Mission Impossible: Unmasking a Traitor


When I stepped out of the theater with my buddies eleven years ago after watching Mission: Impossible, I was as enthusiastic as any twenty-year-old can be about a movie. In fact, I praised this film to the degree that my mates felt compelled to point out that they thought I was making too big a deal out of it. I was, but when I watched the DVD a few nights ago I realized that I wasn’t far off. This film is grossly underappreciated.

When Tom Cruise and producer Paula Wagner set up shop at Warner, they realized that the studio owned the rights to the classic TV show Mission: Impossible and got excited about making a movie based on it. Hiring Brian De Palma to direct it was a safe choice; he was after all the guy who made the astonishing film version of another TV show, The Untouchables. Two talented screenwriters (including veteran Robert Towne) wrote a script that some thought was too convoluted and which arouse the ire of die-hard fans of the show because (here comes a spoiler!) it made a villain out of the only person to also appear on the show, perennial good guy Jim Phelps (Jon Voight).

The movie starts in Prague where members of the IMF, a special intelligence task force, are set to expose a traitor who intends to steal the NOC list, which contains information on IMF’s all agents and their secret identities. But the mission goes awry and every member of the team except for Ethan Hunt (Tom Cruise) is murdered. Ethan realizes that his superiors think he is the traitor, leading him to go on the lam. It turns out that another member of the team, Jim Phelp’s wife Claire (Emmanuelle Béart), survived and together they find that the mole, who in Internet conversations referred to himself as Job, was in touch with someone called “Max” who wanted to buy the stolen NOC list.

Ethan contacts Max (Vanessa Redgrave) and offers to deliver the real NOC list, hoping to learn the mole’s identity. She promises to deliver Job to Ethan; all he has to do now is steal the NOC list from CIA headquarters in Langley.

A very Hitchcockian hero
Some fans complained of the film’s focus on one agent rather than a whole team, but Cruise holds it together as a very Hitchcockian hero. Director De Palma builds several sequences in the fashion that has made him famous; they are complex, stylish and require complete attention from the audience because things may not be what they seem. There’s a sequence I love where De Palma gets to show what a fine filmmaker he is – but I can’t tell you without revealing spoilers. Jim Phelps has just reappeared and starts telling Ethan what happened that night in Prague; of course he doesn’t know that Ethan has already understood that he is the mole. As Ethan pretends to listen to him, De Palma shows us him figuring out in his mind how Phelps must have orchestrated the murders of the other team members. A perfect example of how film as a medium is best used.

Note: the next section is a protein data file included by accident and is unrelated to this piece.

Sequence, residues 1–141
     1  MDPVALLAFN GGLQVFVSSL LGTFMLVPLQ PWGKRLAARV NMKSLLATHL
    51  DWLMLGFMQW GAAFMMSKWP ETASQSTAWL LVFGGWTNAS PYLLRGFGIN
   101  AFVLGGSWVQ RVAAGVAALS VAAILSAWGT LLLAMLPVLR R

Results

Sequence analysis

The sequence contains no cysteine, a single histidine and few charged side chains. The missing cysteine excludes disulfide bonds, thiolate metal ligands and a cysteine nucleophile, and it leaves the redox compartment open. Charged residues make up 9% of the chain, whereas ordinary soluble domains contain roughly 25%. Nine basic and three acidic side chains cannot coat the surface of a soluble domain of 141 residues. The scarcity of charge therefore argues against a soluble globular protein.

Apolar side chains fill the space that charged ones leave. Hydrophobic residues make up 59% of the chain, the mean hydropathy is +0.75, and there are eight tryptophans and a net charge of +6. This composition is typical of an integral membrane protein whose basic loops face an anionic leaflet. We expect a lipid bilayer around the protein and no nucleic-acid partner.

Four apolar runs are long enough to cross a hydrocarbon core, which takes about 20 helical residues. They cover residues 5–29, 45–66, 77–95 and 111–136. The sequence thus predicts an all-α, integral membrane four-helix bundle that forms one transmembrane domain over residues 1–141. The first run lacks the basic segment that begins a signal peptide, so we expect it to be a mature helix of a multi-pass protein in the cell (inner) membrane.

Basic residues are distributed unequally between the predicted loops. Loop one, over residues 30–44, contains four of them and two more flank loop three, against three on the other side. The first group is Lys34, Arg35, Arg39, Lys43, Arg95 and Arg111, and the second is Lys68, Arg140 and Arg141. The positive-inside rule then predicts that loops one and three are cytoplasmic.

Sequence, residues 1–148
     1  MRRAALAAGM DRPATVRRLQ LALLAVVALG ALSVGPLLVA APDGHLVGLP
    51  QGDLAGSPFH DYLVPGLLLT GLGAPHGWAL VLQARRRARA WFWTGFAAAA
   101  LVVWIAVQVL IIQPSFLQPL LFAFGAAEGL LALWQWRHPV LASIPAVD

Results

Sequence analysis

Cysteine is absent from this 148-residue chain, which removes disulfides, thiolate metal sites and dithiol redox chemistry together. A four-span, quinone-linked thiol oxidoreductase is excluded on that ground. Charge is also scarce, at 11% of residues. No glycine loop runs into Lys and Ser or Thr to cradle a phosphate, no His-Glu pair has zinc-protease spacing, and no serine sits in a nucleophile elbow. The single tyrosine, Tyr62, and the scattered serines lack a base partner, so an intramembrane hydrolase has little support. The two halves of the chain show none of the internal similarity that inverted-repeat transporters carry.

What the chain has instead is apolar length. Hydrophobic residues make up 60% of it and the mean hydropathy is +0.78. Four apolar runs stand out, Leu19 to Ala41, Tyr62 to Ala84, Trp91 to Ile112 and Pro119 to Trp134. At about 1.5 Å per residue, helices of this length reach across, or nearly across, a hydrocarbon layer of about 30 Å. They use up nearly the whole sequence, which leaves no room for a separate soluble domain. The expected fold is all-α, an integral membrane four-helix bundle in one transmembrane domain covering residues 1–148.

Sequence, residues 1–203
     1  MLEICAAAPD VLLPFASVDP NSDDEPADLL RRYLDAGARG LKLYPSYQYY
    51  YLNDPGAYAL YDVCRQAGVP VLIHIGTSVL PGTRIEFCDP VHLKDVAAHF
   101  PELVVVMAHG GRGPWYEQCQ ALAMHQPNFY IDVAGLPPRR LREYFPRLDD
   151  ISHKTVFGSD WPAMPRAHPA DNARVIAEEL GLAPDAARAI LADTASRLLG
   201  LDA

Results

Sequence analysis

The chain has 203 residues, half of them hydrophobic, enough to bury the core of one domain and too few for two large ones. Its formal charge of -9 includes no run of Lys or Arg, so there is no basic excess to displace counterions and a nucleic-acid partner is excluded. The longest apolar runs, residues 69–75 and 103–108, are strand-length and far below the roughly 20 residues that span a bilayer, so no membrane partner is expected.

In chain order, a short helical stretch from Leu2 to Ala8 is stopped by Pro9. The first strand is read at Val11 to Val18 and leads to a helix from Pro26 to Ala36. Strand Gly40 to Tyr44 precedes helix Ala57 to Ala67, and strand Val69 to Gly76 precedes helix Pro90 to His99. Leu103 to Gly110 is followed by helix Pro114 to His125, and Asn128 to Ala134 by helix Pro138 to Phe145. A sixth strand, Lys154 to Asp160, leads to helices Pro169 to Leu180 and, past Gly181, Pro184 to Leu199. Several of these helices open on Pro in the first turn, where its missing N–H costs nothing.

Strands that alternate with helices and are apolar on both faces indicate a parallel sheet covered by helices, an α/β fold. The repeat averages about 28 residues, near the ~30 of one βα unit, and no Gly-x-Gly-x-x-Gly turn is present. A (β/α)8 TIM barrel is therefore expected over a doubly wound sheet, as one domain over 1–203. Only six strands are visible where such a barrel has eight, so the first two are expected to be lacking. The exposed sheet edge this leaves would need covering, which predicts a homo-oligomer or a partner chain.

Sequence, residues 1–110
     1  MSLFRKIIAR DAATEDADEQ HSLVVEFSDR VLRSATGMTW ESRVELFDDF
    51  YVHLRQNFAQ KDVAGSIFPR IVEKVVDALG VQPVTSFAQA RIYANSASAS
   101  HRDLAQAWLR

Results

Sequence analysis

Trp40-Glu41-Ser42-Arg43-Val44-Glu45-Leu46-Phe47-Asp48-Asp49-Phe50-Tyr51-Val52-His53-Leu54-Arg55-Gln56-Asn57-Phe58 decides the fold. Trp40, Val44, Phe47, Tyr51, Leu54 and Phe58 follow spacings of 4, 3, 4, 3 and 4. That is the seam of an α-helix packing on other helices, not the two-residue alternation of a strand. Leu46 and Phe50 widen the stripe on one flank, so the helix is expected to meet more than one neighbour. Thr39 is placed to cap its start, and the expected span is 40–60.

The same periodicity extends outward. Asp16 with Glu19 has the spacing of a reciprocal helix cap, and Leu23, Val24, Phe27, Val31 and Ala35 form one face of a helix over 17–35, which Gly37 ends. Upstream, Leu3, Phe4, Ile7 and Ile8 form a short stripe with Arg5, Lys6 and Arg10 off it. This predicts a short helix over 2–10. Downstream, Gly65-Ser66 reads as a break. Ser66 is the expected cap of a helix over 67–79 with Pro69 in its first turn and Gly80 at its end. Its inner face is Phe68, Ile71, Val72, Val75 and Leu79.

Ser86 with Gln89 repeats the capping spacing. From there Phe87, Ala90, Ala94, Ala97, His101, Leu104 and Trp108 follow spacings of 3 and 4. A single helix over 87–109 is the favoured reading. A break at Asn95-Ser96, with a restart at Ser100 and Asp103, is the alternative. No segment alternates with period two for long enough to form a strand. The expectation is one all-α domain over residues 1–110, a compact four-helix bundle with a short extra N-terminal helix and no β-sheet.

Then there’s the two masterful set pieces that really had people talking. The elaborate yet discreet Langley heist is classic De Palma (the falling knife is a wonderful idea) and the concluding fight and chase involving a helicopter and a TGV train is sheer brilliance; it looks like it could be done even though we know it couldn’t, which truly is a compliment to the special effects crew.

U2 members Adam Clayton and Larry Mullen wrote a special version of Lalo Schifrin’s theme for the TV show, which is played during the end credits. An explosive piece of music, it ends the film on a high note and sends audiences out longing to accept another mission.

Mission: Impossible 1996-U.S. 110 min. Color. Widescreen. Produced by Tom Cruise, Paula Wagner. Directed by Brian De Palma. Screenplay: David Koepp, Robert Towne. Cinematography: Stephen H. Burum. Music: Danny Elfman. Makeup: Rob Bottin, and others. Cast: Tom Cruise (Ethan Hunt), Jon Voight (Jim Phelps), Emmanuelle Béart (Claire Phelps), Henry Czerny, Jean Reno, Ving Rhames… Kristin Scott Thomas, Vanessa Redgrave. Cameo: Emilio Estevez.

Trivia: The TV series ran from 1966-1973 and 1988-1990. Peter Graves, who played Phelps on the show, allegedly declined an offer to reprise the role. Juliette Binoche was allegedly considered for the part of Claire. Followed by five sequels, starting with Mission: Impossible II (2000).

Last word: “It becomes personal because I’d created the initial storyline with Steve Zaillian. There were many screenplays before, and I took it in a direction that appealed to me. So it’s very much a story that I wanted to tell. You weren’t just handed a script and told, ‘figure out how to direct this.’ We created the whole ‘Mission: Impossible’ scenario. It took us many months. So it’s very different than, you know, directing something that’s been pretty much worked out and the script that you accept to do.” (De Palma, De Palma a la Mod)


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